Star Wars: Battlefront Star Wars: Battlefront II Star Wars: Jedi Knight: Jedi Academy Star Wars: Jedi Starfighter Star Wars: Knights of the Old Republic Star Wars Knights of the Old Republic II: The Sith Lords Star Wars: Republic Commando  
    Additionally, Star Wars: The Force Unleashed is available under the Xbox One X Enhanced series with updated graphics and visual effects.
    If you're looking for something a bit more recent, Xbox One titles Star Wars: Battlefront and Star Wars: Battlefront II are also available now.
    The second official trailer for Solo: A Star Wars Story is here, and we've got a good feeling about this one!
    The new trailer gives us a better look at what the new anthology film is all about, and sees Han Solo meeting Lando Calrissian and Chewbacca for the first time.
    Take a look at the trailer and let us know what you think. Are you excited for Solo?
     
     
    Solo: A Star Wars Story will be released on 25 May 2018.
    A promotional tie-in for Solo: A Star Wars Story has introduced us to some great new characters we can expect to see, including the fantastically monickered Therm Scissorpunch, a crustacean-like alien with huge lobster claws for hands.
    But despite being derided as the dumbest name in Star Wars, Therm Scissorpunch is actually quite in-keeping with tradition if you only look a little.

    First up is everybody's favourite death stick dealer: Elan Sleazebaggano frequented the clubs of Coruscant before he left to rethink his life in Attack of the Clones. Although later retconned to Sel’Sabagno, Sleazebaggano is typical of the tongue-in-cheek naming convention we often see with background characters in Star Wars.
    Did you ever hear the tragedy of Notluwiski Papanoida? This background character appears in Revenge of the Sith in the corridors of the theatre. The name Notluwiski isn't too bad until you realise who the actor is: it's a cameo by George Lucas.
    Sith names also seem to be chosen for their thinly veiled meanings. Darth Maul was trained to be a weapon, and was named after one. Sidious has an unavoidable similarity to the word “insidious”, which means to act in a subtle but harmful way; much like how Palpatine chips away at the old Republic. Even Plagueis has connotations of ill intent.

    In The Clone Wars animated series, Count Dooku takes a secret apprentice with the not too subtle name of Savage Opress. There are no prizes for guessing what his endgame is.
    It would be easy to see these seemingly ridiculous names as a feature of modern Star Wars movies, but they are present in the classic Star Wars trilogy too.

    Return of the Jedi is full of interesting characters, like the elephant-like Ephant Mon, Droopy McCool of the Max Reebo band, and let's not forget Jabba the Hutt’s jester Salacious B Crumb. And if individual characters aren't enough for you you could always speak to Admiral Akbar, a member of the aquatic Mon Calamari species.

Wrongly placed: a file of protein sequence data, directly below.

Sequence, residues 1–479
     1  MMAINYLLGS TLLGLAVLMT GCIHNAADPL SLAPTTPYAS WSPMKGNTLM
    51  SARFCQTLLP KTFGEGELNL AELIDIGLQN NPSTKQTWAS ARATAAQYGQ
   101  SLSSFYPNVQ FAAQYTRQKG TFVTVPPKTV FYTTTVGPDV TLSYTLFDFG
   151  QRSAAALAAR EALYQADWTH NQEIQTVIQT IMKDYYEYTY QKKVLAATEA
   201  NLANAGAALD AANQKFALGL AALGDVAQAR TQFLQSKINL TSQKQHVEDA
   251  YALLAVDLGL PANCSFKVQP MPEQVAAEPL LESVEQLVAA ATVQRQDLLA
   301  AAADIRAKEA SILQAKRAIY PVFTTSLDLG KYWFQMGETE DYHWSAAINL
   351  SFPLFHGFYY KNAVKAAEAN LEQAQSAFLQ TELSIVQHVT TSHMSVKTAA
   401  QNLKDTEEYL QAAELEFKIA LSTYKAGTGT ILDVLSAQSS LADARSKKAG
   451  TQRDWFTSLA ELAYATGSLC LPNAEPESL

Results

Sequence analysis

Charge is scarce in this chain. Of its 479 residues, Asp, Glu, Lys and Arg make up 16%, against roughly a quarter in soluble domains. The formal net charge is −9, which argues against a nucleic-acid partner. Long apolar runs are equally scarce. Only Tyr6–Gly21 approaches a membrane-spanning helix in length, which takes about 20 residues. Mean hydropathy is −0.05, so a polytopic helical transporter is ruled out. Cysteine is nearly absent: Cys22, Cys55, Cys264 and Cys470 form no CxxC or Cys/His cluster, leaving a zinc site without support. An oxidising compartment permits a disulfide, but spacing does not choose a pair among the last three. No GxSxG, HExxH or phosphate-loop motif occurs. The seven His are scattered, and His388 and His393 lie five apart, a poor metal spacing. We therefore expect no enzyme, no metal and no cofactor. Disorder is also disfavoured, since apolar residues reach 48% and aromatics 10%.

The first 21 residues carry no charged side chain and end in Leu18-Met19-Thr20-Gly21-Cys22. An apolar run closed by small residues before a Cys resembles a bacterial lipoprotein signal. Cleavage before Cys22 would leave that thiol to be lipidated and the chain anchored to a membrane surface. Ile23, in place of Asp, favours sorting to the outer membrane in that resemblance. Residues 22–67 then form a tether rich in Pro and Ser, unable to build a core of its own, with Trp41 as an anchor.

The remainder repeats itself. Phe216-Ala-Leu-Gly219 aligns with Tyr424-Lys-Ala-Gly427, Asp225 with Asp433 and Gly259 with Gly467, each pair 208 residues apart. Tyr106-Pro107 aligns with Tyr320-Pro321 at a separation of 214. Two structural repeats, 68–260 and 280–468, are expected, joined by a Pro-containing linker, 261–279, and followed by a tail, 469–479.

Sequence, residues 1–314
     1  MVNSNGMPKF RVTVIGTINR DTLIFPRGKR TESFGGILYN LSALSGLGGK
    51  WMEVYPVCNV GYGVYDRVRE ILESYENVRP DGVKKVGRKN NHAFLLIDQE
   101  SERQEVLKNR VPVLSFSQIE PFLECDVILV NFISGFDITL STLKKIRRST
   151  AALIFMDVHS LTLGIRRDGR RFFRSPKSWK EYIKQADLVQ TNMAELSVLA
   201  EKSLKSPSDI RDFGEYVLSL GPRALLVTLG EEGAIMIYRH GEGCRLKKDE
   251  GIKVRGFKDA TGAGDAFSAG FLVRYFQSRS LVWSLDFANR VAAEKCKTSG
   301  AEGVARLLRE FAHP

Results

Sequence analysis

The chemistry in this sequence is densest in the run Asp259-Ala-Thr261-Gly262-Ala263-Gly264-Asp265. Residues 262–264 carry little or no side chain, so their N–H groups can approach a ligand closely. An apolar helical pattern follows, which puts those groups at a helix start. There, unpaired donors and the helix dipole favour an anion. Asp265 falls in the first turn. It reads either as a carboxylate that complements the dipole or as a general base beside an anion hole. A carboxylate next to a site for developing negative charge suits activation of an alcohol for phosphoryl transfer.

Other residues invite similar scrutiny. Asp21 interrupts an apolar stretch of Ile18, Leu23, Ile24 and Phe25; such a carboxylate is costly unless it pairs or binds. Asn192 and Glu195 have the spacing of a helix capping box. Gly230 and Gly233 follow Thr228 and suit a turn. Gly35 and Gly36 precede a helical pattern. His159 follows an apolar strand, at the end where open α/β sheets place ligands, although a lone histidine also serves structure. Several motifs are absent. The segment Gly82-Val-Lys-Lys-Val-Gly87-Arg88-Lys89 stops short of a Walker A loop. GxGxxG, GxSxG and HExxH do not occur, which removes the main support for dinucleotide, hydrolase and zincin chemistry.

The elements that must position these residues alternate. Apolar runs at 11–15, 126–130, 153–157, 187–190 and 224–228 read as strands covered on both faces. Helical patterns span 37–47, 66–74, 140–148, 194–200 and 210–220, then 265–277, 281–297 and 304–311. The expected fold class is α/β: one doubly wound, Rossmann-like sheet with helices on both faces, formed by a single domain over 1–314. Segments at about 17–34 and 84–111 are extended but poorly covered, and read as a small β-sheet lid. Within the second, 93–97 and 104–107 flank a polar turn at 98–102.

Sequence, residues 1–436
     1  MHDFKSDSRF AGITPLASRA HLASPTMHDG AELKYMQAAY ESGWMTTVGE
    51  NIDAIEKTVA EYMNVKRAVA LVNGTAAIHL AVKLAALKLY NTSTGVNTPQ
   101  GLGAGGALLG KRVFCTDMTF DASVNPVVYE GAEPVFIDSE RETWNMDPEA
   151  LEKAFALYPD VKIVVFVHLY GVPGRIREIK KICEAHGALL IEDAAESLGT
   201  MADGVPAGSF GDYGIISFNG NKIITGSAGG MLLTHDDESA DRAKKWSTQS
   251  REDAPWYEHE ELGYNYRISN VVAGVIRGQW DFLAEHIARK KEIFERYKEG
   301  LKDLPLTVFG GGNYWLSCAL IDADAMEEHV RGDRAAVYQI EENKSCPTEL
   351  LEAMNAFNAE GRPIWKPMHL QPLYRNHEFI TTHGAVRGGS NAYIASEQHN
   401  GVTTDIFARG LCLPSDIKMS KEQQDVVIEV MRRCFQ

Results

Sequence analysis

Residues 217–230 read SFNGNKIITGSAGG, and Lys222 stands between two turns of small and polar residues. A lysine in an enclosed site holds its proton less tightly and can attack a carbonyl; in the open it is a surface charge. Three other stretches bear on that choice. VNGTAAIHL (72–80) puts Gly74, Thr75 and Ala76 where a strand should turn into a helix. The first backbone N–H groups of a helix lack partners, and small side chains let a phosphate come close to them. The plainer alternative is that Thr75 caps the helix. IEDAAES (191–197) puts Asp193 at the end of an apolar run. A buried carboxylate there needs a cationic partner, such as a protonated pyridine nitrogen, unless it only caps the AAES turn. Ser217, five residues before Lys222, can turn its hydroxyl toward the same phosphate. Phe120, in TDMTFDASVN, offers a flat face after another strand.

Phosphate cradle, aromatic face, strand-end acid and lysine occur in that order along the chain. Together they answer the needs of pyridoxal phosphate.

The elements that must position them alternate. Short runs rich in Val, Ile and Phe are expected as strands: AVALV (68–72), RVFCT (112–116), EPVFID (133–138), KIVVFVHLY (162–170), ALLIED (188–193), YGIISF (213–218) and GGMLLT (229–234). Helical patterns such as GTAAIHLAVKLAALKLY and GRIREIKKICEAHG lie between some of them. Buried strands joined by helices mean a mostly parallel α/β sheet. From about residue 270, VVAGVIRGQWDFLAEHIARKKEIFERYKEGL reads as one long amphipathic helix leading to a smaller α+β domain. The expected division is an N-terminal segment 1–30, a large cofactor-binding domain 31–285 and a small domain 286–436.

Perhaps Starkiller was a bit too on-the-nose for the boy who destroys the Death Star, but these other names do make you wonder why they bothered to change it to Skywalker!
     
    We eagerly await the release of Therm Scissorpunch: A Star Wars Story.
     
    In the meantime, Solo: A Star Wars Story debuts on 25 May 2018 in the US and 24 May in the UK.
     
    There's no denying that Solo: A Star Wars Story has been somewhat divisive amongst the fan base, and one of the sources of controversy is the creative liberties that have been taken with the design of the Millennium Falcon.
    Does the new design (okay, so technically it's an older design) add to the rich backstory of the fastest hunk of junk in the galaxy, or is it just a shameless merchandising cash grab? Well, whichever side of the fence you're on we're here to take a look at what's going on with our favourite YT-1300 freighter.

     
    At the time of Solo: A Star Wars Story, the Millennium Falcon was owned by Lando Calrissian, who has kept the ship in pristine condition with a gleaming white and blue paint job. Even the interior is in good order; not a missing panel or trailing power cable in sight.

     
    The most immediately obvious thing about this design is that instead of the iconic forward mandibles we have a longer, tapered nose cone.
    The forward area has long been believed to be used for cargo transport and storage. After all, the Millennium Falcon is a freighter. Perhaps the cargo hold used to be much bigger and damage forced a reconfiguration of the forward area? It's also possible that either Calrissian installed the streamlined cone as an aesthetic modification, or Han Solo removes it as part of the special modifications he makes to the ship himself.